Units fore and aft puzzle
There was a puzzle in the Enigma column of the "New Scientist" magazine that caught my interest. It went roughly like this. 77 can be multiplied by 23 by adding a 1 at the front and back to give 1,771. Similarly, 137 can be multiplied by 83 in the same way to give 11,371. What is the biggest prime number multiplier for which this trick can be done?
Range of possible answers
I looked for the range of possible answers by doing some examples in a spreadsheet.
The biggest multiplier is roughly 110. But the result ends in 1 so both the starting number and the multiplier must be odd numbers. Could the biggest multiplier be 109?
What's happening to the starting number?
Two things happen:
a) it gets multiplied by 10 as all its digits are shifted one place to the left and
b) we add a number such as 100000001
100000001 + (startNo * 10) = (startNo * n)
100000001 = startNo * (n - 10)
n = the multiplier we are looking for
So we are looking for a number like 100000001 that is divisible by (n – 10).
If the highest prime multiplier was 109 we would need to find a number like 100000001 that is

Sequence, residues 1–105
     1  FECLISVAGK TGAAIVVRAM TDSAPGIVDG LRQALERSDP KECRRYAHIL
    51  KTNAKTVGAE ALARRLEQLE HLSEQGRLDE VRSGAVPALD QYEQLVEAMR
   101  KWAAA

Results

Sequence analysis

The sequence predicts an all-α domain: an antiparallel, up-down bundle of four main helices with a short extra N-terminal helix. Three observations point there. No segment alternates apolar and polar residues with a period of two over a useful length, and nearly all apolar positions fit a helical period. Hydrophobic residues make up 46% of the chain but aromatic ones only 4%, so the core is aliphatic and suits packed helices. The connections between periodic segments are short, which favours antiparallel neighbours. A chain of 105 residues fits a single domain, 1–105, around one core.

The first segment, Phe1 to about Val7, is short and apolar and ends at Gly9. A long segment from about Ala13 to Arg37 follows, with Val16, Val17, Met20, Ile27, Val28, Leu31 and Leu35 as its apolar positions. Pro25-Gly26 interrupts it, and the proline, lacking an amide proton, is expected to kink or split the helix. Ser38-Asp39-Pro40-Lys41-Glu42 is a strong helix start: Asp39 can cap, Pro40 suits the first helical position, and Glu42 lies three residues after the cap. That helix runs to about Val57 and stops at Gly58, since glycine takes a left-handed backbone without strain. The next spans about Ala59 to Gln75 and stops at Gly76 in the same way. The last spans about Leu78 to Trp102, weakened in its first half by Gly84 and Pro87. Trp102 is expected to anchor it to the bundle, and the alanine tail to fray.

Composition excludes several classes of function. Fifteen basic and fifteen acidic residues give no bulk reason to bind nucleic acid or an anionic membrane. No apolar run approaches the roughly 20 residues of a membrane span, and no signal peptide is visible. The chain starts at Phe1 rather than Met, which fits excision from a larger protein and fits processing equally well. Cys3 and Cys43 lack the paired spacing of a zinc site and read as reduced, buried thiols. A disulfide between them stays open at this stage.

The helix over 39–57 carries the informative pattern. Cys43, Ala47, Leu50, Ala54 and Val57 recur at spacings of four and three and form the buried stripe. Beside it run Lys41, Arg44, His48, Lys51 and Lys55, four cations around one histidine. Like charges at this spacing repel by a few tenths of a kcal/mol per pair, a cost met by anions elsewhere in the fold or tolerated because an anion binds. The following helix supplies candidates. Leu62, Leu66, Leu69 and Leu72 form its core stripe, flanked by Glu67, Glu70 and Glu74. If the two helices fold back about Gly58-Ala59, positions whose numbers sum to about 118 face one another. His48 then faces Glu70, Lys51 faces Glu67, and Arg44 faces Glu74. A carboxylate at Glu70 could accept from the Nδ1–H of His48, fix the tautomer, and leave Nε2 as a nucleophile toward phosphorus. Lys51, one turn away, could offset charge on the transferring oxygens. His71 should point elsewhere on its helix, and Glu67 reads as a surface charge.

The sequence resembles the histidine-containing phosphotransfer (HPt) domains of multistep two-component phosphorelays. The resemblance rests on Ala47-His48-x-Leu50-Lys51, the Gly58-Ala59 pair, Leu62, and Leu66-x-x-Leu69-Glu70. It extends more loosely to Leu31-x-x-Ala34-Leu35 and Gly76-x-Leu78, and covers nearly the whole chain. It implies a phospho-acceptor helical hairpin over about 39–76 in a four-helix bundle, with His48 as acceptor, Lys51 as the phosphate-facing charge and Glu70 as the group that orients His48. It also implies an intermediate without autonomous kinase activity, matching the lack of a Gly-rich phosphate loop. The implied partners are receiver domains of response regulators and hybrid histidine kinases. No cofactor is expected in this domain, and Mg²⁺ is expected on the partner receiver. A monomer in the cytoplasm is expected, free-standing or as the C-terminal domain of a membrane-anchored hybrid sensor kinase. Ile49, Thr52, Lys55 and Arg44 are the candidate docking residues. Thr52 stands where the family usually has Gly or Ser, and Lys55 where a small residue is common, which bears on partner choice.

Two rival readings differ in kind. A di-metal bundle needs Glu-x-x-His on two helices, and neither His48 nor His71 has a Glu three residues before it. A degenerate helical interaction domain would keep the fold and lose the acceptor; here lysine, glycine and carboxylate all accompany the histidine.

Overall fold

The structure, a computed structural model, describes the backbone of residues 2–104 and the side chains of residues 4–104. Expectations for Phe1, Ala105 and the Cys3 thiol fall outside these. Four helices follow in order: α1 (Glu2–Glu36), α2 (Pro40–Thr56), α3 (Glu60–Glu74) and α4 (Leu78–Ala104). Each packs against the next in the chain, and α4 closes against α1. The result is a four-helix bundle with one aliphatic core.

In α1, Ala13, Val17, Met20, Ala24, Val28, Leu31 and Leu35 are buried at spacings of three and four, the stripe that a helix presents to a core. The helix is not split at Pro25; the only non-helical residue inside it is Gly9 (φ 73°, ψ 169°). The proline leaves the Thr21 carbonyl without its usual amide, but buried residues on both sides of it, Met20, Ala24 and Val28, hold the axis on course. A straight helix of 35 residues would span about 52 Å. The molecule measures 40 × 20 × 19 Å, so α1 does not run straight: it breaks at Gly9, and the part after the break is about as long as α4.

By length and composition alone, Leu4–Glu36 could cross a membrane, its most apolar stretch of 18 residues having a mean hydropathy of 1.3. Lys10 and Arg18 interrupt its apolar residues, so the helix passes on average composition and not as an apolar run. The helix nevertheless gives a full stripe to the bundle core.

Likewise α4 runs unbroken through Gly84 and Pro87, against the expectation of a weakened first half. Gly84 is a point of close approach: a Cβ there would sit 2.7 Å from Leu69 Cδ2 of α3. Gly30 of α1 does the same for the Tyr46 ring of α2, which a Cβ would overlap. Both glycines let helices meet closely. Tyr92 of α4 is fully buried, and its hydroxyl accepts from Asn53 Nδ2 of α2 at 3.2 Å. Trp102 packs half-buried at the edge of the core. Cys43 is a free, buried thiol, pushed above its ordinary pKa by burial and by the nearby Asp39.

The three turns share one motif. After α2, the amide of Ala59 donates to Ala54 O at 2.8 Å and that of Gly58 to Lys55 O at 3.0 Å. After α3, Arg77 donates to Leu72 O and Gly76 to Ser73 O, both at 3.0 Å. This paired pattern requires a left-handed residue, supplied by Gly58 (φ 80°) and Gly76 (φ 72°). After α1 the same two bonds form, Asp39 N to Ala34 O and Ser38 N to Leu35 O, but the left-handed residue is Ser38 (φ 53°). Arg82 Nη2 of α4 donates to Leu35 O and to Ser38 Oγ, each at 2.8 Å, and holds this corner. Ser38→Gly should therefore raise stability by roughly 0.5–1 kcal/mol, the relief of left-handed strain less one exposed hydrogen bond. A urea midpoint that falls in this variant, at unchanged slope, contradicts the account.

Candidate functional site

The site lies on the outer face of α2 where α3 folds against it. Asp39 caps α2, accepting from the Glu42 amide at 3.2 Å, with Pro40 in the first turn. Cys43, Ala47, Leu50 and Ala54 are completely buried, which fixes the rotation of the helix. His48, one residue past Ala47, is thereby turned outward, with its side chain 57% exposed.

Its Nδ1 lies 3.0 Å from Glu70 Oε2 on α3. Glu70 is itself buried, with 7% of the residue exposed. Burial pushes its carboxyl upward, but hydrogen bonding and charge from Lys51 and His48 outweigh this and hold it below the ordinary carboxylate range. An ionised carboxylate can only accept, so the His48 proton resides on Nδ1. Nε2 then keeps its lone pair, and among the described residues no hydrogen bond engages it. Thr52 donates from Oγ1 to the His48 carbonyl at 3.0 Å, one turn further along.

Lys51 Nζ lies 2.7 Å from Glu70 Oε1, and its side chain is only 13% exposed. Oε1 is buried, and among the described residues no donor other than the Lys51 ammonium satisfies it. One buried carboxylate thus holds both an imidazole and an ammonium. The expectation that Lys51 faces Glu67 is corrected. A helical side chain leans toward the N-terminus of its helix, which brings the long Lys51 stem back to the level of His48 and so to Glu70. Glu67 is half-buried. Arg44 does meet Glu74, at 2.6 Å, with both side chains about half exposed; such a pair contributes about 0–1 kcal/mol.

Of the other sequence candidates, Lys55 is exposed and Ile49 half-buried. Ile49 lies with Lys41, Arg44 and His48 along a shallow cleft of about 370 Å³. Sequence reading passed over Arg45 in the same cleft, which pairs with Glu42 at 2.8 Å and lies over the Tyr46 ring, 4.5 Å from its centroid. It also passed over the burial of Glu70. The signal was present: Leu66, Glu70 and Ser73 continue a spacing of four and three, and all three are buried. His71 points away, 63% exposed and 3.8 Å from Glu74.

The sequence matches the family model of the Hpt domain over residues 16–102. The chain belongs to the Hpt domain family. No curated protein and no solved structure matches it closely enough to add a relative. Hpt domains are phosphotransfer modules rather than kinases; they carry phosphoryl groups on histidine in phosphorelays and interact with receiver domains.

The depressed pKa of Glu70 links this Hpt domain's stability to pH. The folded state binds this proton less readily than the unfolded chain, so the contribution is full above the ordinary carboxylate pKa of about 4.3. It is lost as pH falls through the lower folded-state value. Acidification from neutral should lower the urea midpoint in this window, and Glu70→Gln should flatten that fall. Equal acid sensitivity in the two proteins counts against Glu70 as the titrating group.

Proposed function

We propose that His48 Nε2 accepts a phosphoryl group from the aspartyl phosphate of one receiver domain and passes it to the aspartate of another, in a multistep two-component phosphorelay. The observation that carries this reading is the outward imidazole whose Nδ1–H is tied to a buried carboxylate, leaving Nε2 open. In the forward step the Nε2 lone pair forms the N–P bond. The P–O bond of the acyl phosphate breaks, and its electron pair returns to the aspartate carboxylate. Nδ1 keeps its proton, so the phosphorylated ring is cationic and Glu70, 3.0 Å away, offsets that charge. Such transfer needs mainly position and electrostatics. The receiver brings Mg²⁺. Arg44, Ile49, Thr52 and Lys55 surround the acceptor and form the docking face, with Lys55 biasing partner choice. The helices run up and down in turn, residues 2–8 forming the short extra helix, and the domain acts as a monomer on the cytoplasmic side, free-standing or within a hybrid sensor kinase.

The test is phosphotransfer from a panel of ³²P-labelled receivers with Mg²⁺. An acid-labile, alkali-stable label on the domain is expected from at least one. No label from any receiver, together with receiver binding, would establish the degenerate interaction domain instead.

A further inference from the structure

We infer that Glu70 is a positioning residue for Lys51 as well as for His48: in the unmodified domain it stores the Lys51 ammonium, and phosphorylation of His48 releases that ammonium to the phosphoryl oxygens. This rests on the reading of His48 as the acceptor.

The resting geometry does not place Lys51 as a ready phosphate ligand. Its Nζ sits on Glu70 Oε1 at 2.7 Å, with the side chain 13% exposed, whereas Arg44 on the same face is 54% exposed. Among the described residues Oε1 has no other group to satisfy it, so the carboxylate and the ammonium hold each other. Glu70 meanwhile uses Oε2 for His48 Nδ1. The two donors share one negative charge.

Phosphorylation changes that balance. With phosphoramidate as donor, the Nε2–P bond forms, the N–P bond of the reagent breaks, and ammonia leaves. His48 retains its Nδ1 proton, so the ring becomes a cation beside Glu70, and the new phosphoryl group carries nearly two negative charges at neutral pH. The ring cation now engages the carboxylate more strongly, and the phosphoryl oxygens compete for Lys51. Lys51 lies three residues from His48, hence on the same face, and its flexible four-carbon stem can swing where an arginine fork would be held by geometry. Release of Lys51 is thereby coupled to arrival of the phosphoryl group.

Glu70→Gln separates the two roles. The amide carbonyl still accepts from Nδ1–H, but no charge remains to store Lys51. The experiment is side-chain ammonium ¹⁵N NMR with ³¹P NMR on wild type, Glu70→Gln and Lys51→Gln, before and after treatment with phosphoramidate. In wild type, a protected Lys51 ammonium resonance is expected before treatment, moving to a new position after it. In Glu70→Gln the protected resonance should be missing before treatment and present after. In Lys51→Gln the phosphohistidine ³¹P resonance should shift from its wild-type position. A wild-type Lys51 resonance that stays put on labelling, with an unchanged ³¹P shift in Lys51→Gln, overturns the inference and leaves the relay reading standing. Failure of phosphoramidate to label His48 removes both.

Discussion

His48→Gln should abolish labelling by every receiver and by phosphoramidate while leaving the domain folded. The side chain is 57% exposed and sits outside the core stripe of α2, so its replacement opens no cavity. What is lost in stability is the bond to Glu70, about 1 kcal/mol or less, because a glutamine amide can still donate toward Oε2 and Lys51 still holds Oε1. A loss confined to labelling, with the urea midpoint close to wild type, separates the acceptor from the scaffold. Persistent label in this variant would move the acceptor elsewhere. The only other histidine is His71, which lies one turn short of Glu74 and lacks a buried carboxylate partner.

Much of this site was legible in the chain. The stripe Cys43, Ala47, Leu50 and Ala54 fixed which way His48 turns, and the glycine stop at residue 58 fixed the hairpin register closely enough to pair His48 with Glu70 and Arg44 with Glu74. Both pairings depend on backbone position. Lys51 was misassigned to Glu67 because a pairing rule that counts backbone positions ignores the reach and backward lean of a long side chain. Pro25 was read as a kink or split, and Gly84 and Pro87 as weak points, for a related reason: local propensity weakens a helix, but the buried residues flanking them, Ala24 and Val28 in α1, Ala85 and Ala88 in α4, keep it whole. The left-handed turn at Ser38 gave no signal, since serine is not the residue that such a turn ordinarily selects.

divisible by 99. This is not possible as 99 has a factor of 3. The number like 100000001 will
never be divisible by 3 as the sum of its digits is 2.
Could it be 107?
The next biggest possibility we could look for is 107.
Is there a number like 100000001 that is divisible by 97?
It is easy to use Excel on numbers up to 100,000,000,000,001 but then it overflows.
Bigger numbers in Excel
I wrote the big number in the worksheet: one digit per cell. (division.xls – see my division page) Then I wrote a function that did long division and told me the remainder. (Very simple: about 10 lines of code.) By adding zeros in the middle of the number in the worksheet and watching what happened to the remainder, I found what I was looking for – a number that was divisible by 97. The number had 47 zeros in the middle. I divided that number by 97 to obtain the starting number.
Check the result
As a final check, I added a 1 at the front and back and divided by 107. I was delighted – exactly what I wanted – plus considerable satisfaction from playing with numbers nearly 50 digits long in Excel.
Interesting things to do
There are lots more numbers like this. Make a collection of them and look at the patterns.
What about adding a different digit fore and aft? What happens then?
What is the second number that can be multiplied by 107 in this way? Clue: how long is the pattern of decimals that the fraction 1/97 has?